Ccal = ∆H / ∆T

The constant is measured by supplying the calorimeter and contents with a definite known quantity of heat. This can be done electrically or by adding a known amount of concentrated sulphuric acid.

Results & Calculation

Part 1 Calorimeter Constant

From Graph 1,

Δ T1 = 31.0°C – 22.8°C

= 8.2 °C

From Table 4,

Volume of sodium hydroxide solution used = 34.2 cm3 – 15.0 cm3

= 19.2 cm3

Moles of sodium hydroxide used = 1M x (19.2/1000) dm3

= 0.0192 moles

H2SO4 + 2 NaOH àNa2SO4 + 2H2O

Moles of sulphuric acid used = 1/2 x 0.0192 moles

= 0.0096 moles

Molarity of sulphuric acid solution = 0.0096 moles / (25/1000) dm3

= 0.384M

By using the values given, 0.384M in Graph 2, we can estimate the amount of heat liberated which is 2.775 kJ. Since the heat liberated by the dilution of sulphuric acid is then absorbed by the Dewar flask, so the value of the ΔH is in positive value.

From Graph 2,

Ccal = ΔH1 / ΔT1

= 2.775kJ / 8.2 °C

= 0.338 kJ / °C

Therefore, the calorimeter constant has a value of 0.338 kJ / °C.

Part 2 Enthalpy of Reaction

Part I

HNO3 + NaOH à NaNO3 + H2O

From Graph 3,

ΔT2 = 29.5°C – 22.0°C

= 7.5 °C

ΔH2 = Ccal x ΔT2

= 0.338 kJ / °C x 7.5 °C

= 2.535 kJ

The amount of heat absorbed by the Dewar flask after adding nitric acid to the mixture (50 cm3 of water + 50 cm3 of 1M sodium hydroxide) is 2.535 kJ. This means the total enthalpy of reaction, ΔH has a value of -2.535 kJ because the heat is being released from the reaction. However, the enthalpy changes during the dilution of nitric acid also need to be considered to obtain more accurate result.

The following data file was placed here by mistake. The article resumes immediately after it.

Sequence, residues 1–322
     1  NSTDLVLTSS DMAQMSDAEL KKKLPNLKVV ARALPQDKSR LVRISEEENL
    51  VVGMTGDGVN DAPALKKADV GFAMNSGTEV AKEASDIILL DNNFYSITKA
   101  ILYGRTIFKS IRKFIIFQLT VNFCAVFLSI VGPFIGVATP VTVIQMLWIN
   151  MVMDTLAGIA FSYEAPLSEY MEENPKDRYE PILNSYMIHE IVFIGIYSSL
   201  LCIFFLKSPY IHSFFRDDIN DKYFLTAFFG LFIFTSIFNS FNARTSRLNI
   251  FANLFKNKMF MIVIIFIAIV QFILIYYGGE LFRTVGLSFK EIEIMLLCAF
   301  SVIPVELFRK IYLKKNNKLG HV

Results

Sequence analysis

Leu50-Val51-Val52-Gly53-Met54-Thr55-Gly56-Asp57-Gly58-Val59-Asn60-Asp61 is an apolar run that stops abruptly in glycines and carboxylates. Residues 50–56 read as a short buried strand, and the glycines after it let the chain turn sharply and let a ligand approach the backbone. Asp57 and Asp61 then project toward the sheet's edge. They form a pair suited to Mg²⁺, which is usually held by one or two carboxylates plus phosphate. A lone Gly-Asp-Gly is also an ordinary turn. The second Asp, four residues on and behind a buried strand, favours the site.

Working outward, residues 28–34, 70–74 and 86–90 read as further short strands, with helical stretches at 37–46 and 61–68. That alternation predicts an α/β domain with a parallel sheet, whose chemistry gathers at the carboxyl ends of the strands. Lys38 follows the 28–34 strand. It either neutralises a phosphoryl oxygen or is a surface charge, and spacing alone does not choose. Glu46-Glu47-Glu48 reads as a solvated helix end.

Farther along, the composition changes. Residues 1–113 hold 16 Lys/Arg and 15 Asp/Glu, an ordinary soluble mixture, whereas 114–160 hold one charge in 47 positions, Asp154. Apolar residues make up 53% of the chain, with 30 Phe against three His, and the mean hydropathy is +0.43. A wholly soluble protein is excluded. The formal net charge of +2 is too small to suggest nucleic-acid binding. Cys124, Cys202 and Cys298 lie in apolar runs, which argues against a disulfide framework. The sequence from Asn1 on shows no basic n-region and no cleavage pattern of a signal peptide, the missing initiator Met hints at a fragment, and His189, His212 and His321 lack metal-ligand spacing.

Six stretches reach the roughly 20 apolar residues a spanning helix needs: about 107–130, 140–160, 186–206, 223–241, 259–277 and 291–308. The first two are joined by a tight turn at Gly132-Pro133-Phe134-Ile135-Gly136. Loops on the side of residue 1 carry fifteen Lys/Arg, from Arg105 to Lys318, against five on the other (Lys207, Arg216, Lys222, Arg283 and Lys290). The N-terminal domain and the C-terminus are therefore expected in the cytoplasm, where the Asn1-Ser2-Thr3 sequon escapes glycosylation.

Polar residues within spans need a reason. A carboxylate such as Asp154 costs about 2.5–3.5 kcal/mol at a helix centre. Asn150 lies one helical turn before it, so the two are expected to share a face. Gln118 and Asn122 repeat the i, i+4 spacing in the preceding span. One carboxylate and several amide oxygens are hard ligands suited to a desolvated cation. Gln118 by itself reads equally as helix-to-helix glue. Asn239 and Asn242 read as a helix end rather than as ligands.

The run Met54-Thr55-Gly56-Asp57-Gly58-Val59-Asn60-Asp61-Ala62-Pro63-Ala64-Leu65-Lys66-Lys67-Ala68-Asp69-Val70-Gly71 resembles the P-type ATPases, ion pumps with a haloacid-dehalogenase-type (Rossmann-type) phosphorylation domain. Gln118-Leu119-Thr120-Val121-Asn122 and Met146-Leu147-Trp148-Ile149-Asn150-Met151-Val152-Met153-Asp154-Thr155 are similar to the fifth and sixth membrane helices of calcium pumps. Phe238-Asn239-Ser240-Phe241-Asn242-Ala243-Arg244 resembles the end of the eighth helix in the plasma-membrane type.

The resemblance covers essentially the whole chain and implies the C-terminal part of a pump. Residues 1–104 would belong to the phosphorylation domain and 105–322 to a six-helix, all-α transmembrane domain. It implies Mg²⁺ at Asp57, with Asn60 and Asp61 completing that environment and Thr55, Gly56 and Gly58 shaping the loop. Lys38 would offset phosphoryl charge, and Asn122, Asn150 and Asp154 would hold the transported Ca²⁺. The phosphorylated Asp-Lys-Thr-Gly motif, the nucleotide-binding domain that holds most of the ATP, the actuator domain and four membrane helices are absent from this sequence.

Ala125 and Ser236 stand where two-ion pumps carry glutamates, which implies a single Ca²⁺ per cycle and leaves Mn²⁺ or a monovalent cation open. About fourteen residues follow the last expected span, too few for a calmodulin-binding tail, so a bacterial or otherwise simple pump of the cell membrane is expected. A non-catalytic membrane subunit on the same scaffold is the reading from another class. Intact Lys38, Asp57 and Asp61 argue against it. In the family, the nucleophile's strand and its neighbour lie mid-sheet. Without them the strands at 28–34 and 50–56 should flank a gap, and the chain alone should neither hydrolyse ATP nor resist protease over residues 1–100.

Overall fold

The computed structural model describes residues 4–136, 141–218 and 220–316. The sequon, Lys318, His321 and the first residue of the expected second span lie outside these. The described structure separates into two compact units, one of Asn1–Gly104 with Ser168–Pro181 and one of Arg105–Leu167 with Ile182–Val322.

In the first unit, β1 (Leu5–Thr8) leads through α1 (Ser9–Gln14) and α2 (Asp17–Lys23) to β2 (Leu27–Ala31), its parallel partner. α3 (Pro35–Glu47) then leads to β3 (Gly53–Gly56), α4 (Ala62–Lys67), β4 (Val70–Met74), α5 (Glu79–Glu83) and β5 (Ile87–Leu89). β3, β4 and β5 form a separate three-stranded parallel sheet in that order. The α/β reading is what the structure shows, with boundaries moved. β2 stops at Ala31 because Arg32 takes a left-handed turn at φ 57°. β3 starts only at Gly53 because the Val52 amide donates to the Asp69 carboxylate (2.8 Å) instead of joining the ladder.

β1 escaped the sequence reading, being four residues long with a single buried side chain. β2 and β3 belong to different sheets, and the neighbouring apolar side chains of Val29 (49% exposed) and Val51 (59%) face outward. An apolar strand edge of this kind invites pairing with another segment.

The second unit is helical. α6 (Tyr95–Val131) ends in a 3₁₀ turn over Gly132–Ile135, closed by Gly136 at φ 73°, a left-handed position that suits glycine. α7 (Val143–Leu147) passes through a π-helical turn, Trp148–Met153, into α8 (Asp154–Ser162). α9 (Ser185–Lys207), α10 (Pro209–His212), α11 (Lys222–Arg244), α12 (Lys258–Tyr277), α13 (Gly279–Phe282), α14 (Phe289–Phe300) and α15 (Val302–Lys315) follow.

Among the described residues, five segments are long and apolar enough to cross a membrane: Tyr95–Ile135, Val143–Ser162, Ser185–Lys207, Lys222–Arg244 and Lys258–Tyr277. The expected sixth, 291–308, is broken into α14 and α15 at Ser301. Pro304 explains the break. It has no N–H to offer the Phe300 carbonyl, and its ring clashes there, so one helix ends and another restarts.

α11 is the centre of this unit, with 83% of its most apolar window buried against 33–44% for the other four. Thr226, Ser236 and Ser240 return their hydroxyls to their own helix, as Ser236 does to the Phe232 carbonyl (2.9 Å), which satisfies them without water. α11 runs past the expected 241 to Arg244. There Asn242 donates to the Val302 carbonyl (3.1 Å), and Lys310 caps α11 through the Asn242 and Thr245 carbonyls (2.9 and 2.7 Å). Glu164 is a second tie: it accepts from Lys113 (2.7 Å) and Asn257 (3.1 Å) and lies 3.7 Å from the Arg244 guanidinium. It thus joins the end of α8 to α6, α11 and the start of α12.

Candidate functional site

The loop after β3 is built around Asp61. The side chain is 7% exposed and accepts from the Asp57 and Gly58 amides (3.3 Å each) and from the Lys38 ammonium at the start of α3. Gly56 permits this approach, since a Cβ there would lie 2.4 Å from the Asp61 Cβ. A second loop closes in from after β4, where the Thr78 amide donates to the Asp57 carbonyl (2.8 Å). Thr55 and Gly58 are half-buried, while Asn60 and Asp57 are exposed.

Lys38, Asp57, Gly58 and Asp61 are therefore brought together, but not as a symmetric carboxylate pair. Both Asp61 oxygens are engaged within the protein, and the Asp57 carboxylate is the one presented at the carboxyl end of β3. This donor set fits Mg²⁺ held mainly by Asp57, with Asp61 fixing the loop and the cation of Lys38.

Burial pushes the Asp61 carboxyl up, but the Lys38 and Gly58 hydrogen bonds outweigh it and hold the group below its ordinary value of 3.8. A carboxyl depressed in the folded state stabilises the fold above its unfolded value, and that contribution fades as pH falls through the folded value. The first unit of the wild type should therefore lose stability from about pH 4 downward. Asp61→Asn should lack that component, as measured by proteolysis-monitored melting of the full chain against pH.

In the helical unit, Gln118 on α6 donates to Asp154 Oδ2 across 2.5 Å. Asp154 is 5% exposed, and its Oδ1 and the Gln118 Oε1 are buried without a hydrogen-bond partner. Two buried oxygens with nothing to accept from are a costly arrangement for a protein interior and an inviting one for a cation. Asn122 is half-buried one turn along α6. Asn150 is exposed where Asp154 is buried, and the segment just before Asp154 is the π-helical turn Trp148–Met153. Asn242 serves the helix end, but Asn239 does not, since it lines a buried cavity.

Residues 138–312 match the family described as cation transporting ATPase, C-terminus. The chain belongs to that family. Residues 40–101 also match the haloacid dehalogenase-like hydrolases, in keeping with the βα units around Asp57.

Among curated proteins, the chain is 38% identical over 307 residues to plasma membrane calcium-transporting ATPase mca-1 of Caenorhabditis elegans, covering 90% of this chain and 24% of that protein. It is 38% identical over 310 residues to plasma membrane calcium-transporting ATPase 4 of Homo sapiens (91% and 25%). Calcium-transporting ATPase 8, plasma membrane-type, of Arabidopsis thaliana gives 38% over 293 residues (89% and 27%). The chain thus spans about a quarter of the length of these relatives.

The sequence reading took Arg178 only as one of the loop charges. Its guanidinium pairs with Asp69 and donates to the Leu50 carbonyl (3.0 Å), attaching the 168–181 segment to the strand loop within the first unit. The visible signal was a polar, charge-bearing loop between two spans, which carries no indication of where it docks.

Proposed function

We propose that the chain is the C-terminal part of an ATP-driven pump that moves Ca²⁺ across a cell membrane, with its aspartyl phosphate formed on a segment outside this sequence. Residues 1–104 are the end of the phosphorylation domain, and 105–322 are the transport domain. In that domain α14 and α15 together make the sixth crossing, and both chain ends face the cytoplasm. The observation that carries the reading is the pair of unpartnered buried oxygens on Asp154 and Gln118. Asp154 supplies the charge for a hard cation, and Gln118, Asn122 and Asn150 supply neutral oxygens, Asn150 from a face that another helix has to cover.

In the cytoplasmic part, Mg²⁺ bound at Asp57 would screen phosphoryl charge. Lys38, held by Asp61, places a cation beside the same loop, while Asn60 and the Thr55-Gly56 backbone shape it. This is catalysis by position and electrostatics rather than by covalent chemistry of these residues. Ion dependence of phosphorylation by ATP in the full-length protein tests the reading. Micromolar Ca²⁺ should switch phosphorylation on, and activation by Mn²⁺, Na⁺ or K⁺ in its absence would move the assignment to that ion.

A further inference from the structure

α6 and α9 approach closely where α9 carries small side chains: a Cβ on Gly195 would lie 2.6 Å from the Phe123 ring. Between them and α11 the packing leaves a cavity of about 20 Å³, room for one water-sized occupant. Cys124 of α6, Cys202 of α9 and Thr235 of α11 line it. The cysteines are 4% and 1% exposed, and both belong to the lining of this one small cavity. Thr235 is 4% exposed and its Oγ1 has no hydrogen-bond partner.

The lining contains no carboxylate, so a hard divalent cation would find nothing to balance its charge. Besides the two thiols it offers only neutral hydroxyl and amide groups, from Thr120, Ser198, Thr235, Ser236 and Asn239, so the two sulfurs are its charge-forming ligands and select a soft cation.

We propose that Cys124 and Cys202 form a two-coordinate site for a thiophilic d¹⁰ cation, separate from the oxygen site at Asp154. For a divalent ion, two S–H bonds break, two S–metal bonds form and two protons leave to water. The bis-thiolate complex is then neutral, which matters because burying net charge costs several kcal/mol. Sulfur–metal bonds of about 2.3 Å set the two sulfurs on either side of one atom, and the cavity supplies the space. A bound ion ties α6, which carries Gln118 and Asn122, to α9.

Part II

From Graph 4,

ΔT3 = 23.0°C – 21.5°C

= 1.5 °C

ΔH3 = Ccal x ΔT3

= 0.338 kJ / °C x 1.5 °C

= 0.507 kJ

Amount of heat absorbed by the Dewar flask after adding nitric acid to the 100 cm3 of water is 0.507 kJ. This means the dilution of nitric acid has liberated heat to the surrounding.

ΔHdilution = -ΔH3

= -0.507 kJ

ΔHReaction = ΔH2 - ΔHDilution

= [-2.535 – (-0.507)] kJ

= -2.028 kJ

Therefore, the enthalpy of reaction of sodium hydroxide with nitric acid is -2.028 kJ.

Discussion